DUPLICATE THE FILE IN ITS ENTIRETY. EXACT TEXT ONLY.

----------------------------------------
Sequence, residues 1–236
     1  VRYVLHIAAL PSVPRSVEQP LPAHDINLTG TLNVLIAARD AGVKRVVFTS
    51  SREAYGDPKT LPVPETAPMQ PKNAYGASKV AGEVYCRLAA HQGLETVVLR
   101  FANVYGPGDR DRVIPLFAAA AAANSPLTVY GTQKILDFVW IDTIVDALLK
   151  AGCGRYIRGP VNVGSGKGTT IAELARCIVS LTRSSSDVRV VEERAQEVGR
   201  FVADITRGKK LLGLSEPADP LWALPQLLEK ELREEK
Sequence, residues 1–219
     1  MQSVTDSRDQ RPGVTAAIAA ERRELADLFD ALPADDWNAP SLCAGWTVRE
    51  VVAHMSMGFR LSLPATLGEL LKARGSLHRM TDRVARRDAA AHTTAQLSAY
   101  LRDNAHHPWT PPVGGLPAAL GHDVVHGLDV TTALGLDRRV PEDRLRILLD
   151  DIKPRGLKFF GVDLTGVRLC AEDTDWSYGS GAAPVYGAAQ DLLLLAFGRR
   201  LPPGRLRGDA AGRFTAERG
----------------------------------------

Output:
Sequence, residues 1–236
     1  VRYVLHIAAL PSVPRSVEQP LPAHDINLTG TLNVLIAARD AGVKRVVFTS
    51  SREAYGDPKT LPVPETAPMQ PKNAYGASKV AGEVYCRLAA HQGLETVVLR
   101  FANVYGPGDR DRVIPLFAAA AAANSPLTVY GTQKILDFVW IDTIVDALLK
   151  AGCGRYIRGP VNVGSGKGTT IAELARCIVS LTRSSSDVRV VEERAQEVGR
   201  FVADITRGKK LLGLSEPADP LWALPQLLEK ELREEK
Sequence, residues 1–219
     1  MQSVTDSRDQ RPGVTAAIAA ERRELADLFD ALPADDWNAP SLCAGWTVRE
    51  VVAHMSMGFR LSLPATLGEL LKARGSLHRM TDRVARRDAA AHTTAQLSAY
   101  LRDNAHHPWT PPVGGLPAAL GHDVVHGLDV TTALGLDRRV PEDRLRILLD
   151  DIKPRGLKFF GVDLTGVRLC AEDTDWSYGS GAAPVYGAAQ DLLLLAFGRR
   201  LPPGRLRGDA AGRFTAERG